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Alternative forms[edit]


From Middle English practizen, a variant of practisen, from Middle French pratiser, practiser, from Medieval Latin practizo, from Late Latin practico (to do, perform, execute, propose, practise, exercise, be conversant with, contrive, conspire, etc.), from prāctica (practical affairs", "business), from Ancient Greek πρᾱκτική (prāktikḗ), from πρᾱκτικός (prāktikós, practical), from πρᾱ́σσειν (prā́ssein, to do).


  • enPR: prăkʹtĭs, IPA(key): /ˈpɹæktɪs/
  • (file)


practise (third-person singular simple present practises, present participle practising, simple past and past participle practised)

  1. (transitive) To repeat (an activity) as a way of improving one's skill in that activity.
    You should practise playing piano every day.
  2. (intransitive) To repeat an activity in this way.
    If you want to speak French well, you need to practise.
  3. (transitive) To perform or observe in a habitual fashion.
    They gather to practise religion every Saturday.
    • 2012 March-April, John T. Jost, “Social Justice: Is It in Our Nature (and Our Future)?”, in American Scientist[1], volume 100, number 2, page 162:
      He draws eclectically on studies of baboons, descriptive anthropological accounts of hunter-gatherer societies and, in a few cases, the fossil record. With this biological framework in place, Corning endeavors to show that the capitalist system as currently practiced in the United States and elsewhere is manifestly unfair.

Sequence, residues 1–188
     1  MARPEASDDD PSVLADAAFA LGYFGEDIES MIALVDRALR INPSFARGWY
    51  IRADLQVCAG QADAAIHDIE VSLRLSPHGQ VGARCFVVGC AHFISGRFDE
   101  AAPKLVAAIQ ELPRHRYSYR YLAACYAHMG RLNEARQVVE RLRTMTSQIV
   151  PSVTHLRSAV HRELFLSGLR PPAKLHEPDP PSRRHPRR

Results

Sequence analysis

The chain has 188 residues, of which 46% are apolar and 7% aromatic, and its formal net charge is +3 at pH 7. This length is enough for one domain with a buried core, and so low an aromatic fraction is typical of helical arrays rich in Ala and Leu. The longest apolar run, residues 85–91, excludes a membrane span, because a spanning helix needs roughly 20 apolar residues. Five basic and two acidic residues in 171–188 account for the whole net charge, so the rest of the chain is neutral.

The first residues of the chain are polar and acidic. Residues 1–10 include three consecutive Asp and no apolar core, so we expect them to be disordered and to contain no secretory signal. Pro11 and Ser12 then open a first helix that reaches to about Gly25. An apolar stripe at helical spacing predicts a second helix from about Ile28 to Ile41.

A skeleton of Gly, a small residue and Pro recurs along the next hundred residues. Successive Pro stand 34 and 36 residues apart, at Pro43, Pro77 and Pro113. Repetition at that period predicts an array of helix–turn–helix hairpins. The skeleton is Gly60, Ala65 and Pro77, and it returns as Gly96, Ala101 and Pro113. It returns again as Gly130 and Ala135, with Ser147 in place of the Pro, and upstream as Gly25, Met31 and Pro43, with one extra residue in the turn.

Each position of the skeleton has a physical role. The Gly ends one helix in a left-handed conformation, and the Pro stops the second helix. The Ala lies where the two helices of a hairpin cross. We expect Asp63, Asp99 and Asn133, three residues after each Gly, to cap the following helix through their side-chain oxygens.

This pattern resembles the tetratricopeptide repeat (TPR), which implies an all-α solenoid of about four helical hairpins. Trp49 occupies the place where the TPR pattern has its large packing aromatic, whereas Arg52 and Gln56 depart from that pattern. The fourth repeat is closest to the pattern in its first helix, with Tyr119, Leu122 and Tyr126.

4. (transitive) To pursue (a career, especially law, fine art or medicine).
    She practised law for forty years before retiring.
  5. (intransitive, obsolete) To conspire.
  6. To put into practice; to carry out; to act upon; to commit; to execute; to do.
  7. To make use of; to employ.
    • (Can we date this quote by Massinger and provide title, author's full name, and other details?)
      In malice to this good knight's wife, I practised Ubaldo and Ricardo to corrupt her.
  8. To teach or accustom by practice; to train.
    • (Can we date this quote by Landor and provide title, author's full name, and other details?)
      In church they are taught to love God; after church they are practised to love their neighbour.

Usage notes[edit]

  • British, Canadian, Australian, and New Zealand English spelling distinguishes between practice (a noun) and practise (a verb), analogously with advice and advise. In American English, the spelling practice is commonly used for both noun and verb.

Derived terms[edit]

Related terms[edit]


The translations below need to be checked and inserted above into the appropriate translation tables, removing any numbers. Numbers do not necessarily match those in definitions. See instructions at Wiktionary:Entry layout#Translations.

Further reading[edit]


practise (plural practises)

  1. Misspelling of practice.